But while stocks were poised for a positive return for the month of May, volatility has plagued markets since the beginning of the year, with the Dow and S&P 500 both falling more than 10 percent from their highs at one point. In turn, the bumpy trading has signaled to many market gurus that aged bull market could finally be taking a breather.
While stocks remain above their lows notched earlier this year, Wilson explained his definition of a bear market varies from traditional Wall Street wisdom.
"A bear market to me doesn't [necessarily] mean the market has to go down 20 percent," he said. "A bear market is a tougher environment, it's hard to make money. Volatility is a lot higher, so I don't care what kind of portfolio you're running, you can't run as much risk anymore, you just can't do it."
The most bearish strategist tracked by CNBC, Wilson has consistently forecasted that the S&P 500 will finish the year at 2,750, implying less than 1 percent upside for the broad market index over the remaining seven months. But the sluggish returns aren't likely to abate anytime soon, Wilson warned, telling CNBC that the cyclical bear market "could last through the end of 2019."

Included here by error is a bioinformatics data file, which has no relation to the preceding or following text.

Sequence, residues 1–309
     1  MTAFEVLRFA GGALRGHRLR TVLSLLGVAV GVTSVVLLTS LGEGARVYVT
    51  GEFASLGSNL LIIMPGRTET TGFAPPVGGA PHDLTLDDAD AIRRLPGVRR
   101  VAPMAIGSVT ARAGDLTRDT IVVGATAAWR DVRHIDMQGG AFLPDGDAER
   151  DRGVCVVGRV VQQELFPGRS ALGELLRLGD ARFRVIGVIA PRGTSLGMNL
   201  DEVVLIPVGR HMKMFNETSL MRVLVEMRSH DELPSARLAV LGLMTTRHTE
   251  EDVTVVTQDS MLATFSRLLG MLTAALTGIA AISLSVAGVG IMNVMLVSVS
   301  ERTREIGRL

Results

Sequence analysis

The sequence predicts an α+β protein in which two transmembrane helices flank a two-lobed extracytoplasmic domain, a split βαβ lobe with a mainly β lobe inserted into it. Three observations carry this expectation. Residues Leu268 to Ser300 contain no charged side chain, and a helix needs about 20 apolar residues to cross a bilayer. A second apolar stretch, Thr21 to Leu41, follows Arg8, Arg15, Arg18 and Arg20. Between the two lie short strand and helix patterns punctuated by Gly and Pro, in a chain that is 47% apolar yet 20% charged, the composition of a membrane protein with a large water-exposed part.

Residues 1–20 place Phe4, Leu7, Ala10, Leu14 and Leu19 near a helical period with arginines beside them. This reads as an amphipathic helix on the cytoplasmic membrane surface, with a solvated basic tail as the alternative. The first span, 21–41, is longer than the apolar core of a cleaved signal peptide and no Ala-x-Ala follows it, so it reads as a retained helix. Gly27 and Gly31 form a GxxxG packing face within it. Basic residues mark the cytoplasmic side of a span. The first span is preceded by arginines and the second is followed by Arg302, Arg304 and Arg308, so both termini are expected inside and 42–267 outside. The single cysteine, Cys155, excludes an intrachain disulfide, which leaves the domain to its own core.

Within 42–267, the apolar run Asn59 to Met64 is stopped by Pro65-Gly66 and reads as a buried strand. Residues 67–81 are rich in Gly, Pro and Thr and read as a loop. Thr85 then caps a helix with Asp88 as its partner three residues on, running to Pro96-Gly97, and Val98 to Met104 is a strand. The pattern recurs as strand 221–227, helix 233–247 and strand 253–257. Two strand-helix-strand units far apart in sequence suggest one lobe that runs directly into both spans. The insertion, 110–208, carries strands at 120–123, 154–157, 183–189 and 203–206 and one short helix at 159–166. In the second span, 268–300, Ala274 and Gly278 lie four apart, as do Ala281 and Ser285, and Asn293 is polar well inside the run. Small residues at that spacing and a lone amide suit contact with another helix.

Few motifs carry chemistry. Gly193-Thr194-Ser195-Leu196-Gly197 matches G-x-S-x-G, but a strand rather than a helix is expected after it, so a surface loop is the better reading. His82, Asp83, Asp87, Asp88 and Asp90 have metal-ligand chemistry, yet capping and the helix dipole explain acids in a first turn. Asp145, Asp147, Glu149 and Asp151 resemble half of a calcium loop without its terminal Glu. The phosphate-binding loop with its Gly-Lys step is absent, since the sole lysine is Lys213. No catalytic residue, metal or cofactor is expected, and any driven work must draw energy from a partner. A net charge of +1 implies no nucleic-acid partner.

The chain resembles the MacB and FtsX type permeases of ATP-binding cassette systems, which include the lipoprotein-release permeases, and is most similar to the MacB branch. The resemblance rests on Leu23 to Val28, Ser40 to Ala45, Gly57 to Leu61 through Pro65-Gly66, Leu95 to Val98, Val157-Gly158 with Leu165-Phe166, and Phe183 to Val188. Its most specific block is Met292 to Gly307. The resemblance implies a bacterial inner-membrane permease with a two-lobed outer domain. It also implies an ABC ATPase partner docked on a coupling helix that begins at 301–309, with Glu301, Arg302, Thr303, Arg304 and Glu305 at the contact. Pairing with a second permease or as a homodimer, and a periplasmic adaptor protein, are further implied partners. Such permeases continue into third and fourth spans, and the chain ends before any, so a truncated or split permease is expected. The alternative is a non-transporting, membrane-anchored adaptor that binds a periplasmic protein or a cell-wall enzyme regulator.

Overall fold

Many of Wilson's comments Thursday echoed Morgan Stanley analysis earlier this month, when the bank told clients in a note that the "end of easy" investing was over.
"We think it's pretty obvious that the market had discounted the news on tax cuts, global growth and still supportive financial conditions," Wilson wrote. "In many ways a correction or consolidation was overdue and makes perfect sense. The question is whether or not this turns into something more sinister."
Chief among Morgan Stanley worries have been a return of inflation, uncertain political outlook and tightening monetary policy, the lack of which helped fuel the unprecedented run in the U.S. stock market over the past nine years.
The firm lowered its global equity allocation from overweight to equal weight in the note.